Week in Mobile: Pixel People, PinWar, and a toast to Little Inferno
Every Saturday here on GameZone, we’ll feature a handful of new titles released for iOS/Android and update you on the biggest news we covered that week.
Last time, Temple Run 2 overtook the App Store and arrived on Google Play, and its downloads are climbing rapidly. The Wii U/PC indie game Little Inferno landed on iPad this week along with a classic board game and an old adventure gamebook.
We also cloned pixel citizens, waged war on a pinball table, and saved the world from meteoric destruction.
Pixel People from publisher Chillingo (Cut the Rope) and developer LambdaMu Games (Shady Puzzles) is an addictive city-building game where you make residential accommodations for arriving citizens and watch them colonize a new world and drive its economy. Performing genetic splicing based on their job classes and occupations creates different types of workers. So the more you splice, the more combinations that become available for future matchmaking efforts. Test tubes filled with pink liquid designate an undiscovered possibility. Just tap the icon to start the process.
It’s a very active game. Barely a second goes by where you’re not clicking something: collecting coins or Utopium (the energy source that speeds up construction and other tasks), welcoming clones to your planet, assigning them to workplaces, and even pressing and holding your finger on cute digital hearts to fill a meter that awards you “surprises” when it maxes out. Here, each space helps you in some way. Money actually grows on trees, and a successful splice might unlock a new building, which you can place for free. Certain structures enable you to add new types of residences, décor, roads, or trees, for example, which boosts progress by providing specific benefits.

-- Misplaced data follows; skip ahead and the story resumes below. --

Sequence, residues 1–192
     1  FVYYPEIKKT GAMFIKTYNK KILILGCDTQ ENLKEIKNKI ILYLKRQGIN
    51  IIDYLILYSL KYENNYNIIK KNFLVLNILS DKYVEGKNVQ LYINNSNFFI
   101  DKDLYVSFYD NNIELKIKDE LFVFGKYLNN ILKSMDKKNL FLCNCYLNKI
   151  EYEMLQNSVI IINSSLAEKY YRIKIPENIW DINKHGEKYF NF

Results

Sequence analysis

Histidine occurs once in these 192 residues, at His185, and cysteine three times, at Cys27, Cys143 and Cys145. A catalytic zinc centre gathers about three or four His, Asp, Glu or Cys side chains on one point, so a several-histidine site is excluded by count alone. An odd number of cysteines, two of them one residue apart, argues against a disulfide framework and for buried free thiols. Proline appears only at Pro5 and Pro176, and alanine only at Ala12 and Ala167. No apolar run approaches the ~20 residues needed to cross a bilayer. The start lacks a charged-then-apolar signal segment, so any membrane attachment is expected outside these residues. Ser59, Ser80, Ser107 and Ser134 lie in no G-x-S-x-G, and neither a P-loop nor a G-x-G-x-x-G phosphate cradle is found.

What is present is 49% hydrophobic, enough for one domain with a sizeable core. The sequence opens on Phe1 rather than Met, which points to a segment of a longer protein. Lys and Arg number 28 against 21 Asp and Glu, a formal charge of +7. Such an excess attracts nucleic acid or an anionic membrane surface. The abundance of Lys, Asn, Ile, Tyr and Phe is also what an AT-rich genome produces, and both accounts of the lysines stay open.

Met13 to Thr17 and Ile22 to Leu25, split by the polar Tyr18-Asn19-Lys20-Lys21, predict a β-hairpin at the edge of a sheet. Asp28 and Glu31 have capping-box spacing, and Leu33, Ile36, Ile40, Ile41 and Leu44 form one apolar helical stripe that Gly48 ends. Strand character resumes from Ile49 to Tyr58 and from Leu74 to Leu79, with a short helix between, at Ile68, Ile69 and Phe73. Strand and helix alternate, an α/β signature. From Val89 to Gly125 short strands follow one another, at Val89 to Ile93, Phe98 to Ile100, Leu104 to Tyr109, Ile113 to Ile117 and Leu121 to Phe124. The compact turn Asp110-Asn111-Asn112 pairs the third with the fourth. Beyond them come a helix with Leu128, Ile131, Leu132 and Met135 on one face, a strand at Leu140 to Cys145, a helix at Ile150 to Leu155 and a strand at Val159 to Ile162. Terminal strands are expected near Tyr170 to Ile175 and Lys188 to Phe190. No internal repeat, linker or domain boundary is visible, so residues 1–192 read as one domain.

Splicing itself is fun, and every person has a name and a fun phrase that complements their profession. You can zoom in on your city and see them walking around, enjoying life, and even paint their houses. The employees at the Town Hall might research new information in the form of helpful game hints. Certain chimes ding when a new event has happened (maybe a heart popped up or clones are waiting for housing). I’m not 100 percent sure what every icon (like the lightning bolts) represents, but it doesn’t matter. I could barely tear myself away to write this review. Pixel People keeps you busy.
Expanding the size of available land is costly but necessary although you can continue to develop as long as you don’t exceed your current limit. Thankfully, completing activities such as construction never takes overly long, and Utopium can be regained naturally.
Pixel People features 150 genetic matches, including animals. Best of all, it’s free for iPhone and iPad (requires iOS 4.3 or later).
PinWar ($1.99, universal app) doesn’t release until February 7, but you’ll want to keep this one on your radar. From developer Prank Entertainment (Ant Raid) and publisher BulkyPix (Undead Soccer) comes a two-player, super-charged pinball game that tests your thumb flippin’ skills.
It features three modes: Quick Battle, which lets you jump into a one or two-player game (again a computer or a friend, respectively); Battle, a series of 20 increasingly difficult tables; and Missions, where the goal is to break through a wall or hit energy spheres to charge a “nuclear meter.” (The ball got stuck for me the first time, but you can shake the device to bump it loose.) These can be fun challenges to play alone or with a friend, and they end in Overdrives, where you can bounce the ball around the screen to scoop up as many bolts as possible in the time limit.
The battles are where the real action is. Your thumbs control the left and right paddles, only each table varies in how they’re arranged. You might have to control two left and one right paddle that are positioned in different places on the screen. Both you and your opponent hit the balls as they slingshot around, and gravity carries them to one side or the other when they lose momentum.